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I'm working on a project where I need to dim a 30 cm LED strip. I'm using a STM32 pin to drive the base of a NPN BJT-transistor. The pin is can source a maximum of 25mA. The LED strip consists of 12 parallel ordinary LEDs, each one in series with 1.4 kOhms resistance. The collector is connected to the LEDs, which in turn are connected to 8V Vcc. I have read that I should use a base resistor on the transistor, is it really necessary? And how do i proceed to select the right transistor?

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  • \$\begingroup\$ 5 or 3,3V? On stm. \$\endgroup\$ – Tony Stewart EE75 Mar 9 '20 at 16:20
  • \$\begingroup\$ It's 3,3V output \$\endgroup\$ – ElecBaldwin Mar 10 '20 at 13:59
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Yes, it is necessary to limit the base current for the transistor.

First, calculate the maximum collector current for the transistor. In your case, you need to know the maximum current that each LED will draw, which depends on the forward voltage of the LEDs (which you haven't told us). Make sure this is less than the specified maximum collector current for your transistor. If not, you need a different transistor.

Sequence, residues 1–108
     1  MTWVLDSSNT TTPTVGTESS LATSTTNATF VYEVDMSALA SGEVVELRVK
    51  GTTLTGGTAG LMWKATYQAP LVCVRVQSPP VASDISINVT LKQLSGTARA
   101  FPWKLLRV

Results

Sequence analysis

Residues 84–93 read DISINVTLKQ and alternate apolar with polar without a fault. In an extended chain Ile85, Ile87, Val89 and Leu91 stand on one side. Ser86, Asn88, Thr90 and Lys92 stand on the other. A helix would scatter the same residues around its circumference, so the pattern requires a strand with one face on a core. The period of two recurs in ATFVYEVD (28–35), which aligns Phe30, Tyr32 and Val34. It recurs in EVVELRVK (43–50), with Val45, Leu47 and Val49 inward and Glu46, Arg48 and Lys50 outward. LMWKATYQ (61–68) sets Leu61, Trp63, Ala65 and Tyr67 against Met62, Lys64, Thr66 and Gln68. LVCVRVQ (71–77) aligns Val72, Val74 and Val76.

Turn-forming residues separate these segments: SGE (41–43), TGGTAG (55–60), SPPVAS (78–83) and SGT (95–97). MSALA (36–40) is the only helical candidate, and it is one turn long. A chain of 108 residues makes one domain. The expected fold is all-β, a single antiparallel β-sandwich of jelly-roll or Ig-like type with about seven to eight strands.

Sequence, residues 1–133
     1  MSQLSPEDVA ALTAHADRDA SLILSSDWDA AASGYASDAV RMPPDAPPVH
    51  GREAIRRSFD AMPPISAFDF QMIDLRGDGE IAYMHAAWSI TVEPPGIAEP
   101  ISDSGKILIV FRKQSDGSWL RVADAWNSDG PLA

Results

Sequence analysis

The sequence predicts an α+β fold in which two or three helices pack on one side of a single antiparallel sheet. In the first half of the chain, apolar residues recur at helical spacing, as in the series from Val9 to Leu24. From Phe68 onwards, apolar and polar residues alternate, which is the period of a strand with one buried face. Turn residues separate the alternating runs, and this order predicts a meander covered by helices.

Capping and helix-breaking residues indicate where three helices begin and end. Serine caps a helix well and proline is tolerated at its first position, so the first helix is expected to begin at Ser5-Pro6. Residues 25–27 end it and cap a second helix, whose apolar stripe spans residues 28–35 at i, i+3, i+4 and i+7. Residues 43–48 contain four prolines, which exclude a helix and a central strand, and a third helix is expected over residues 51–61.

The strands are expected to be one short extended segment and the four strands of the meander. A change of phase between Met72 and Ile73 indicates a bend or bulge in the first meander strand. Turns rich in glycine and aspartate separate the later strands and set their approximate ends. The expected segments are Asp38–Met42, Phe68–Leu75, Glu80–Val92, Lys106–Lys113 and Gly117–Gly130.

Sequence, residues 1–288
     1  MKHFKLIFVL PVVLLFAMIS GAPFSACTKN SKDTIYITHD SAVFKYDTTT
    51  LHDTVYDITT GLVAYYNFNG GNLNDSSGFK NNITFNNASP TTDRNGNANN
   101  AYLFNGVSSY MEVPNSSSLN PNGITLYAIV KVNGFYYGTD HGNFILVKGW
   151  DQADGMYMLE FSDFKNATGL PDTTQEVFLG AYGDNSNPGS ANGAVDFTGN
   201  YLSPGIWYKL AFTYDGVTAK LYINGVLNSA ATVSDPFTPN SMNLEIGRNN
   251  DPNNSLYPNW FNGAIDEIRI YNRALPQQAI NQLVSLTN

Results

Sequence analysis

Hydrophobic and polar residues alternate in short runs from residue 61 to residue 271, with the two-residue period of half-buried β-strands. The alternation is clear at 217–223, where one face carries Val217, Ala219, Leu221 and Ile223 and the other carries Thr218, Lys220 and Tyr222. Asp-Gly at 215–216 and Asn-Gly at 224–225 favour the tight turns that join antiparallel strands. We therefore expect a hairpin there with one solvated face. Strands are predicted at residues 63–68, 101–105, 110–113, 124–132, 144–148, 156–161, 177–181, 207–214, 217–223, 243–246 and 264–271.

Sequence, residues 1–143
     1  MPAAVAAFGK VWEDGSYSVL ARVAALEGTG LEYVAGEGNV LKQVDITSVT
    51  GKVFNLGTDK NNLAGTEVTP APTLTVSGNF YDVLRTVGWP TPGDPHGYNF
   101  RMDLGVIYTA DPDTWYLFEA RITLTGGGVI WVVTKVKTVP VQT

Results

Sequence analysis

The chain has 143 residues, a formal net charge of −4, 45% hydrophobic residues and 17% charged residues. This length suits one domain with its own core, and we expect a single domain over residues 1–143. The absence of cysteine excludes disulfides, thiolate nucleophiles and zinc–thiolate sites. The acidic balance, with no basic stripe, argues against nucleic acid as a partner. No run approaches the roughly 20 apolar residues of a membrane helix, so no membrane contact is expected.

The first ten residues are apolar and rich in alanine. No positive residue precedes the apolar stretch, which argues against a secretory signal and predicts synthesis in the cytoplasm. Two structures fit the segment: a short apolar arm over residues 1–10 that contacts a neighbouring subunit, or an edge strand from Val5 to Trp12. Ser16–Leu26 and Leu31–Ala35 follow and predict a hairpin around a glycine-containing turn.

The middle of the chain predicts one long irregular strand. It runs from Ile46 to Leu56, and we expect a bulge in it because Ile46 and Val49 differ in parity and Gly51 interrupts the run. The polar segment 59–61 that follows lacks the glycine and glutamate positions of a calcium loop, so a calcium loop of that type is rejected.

Look in the datasheet for the specific NPN transistor (which you haven't told us) and find the minimum current gain (\$h_{FE}\$ or \$\beta\$) at a value of collector current equal to the collector current you need.

Divide the maximum collector current by the minimum current gain, and that tells you how much base current you need. Make sure this is less than the specified maximum base current for your transistor. If not, you need a different transistor.

Given the output voltage of your MCU and the \$V_{BE}\$ of the transistor calculate a resistor value that will result in the the desired base current. Select the nearest standard resistor value that is less than the calculated value.

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  • \$\begingroup\$ Thanks for the answer! I dont know the forward voltages of the LEDs or what NPN transistor i will use, that's why i didnt tell you :) \$\endgroup\$ – ElecBaldwin Mar 10 '20 at 14:02
  • \$\begingroup\$ I'm glad I could help. The way things are supposed to work here is that you should "accept" the answer that helps you the most. If you want to wait a while and see if another answer comes in you can certainly do that. \$\endgroup\$ – Elliot Alderson Mar 10 '20 at 14:37
  • \$\begingroup\$ Just one more question. Could you have a quick look at my calculations to see if they make sense? The LED and resistor pictured are the 12 parallel ones that i mentioned. I just measured Ic right now. The calculations: imgur.com/fY8NYUL \$\endgroup\$ – ElecBaldwin Mar 10 '20 at 16:54
  • \$\begingroup\$ Looks reasonable to me. The assumption of 1V for \$V_{BE}\$ is somewhat high...we usually assume something like 0.7V. \$\endgroup\$ – Elliot Alderson Mar 11 '20 at 0:30
  • \$\begingroup\$ Thank you for the help :) \$\endgroup\$ – ElecBaldwin Mar 11 '20 at 8:31

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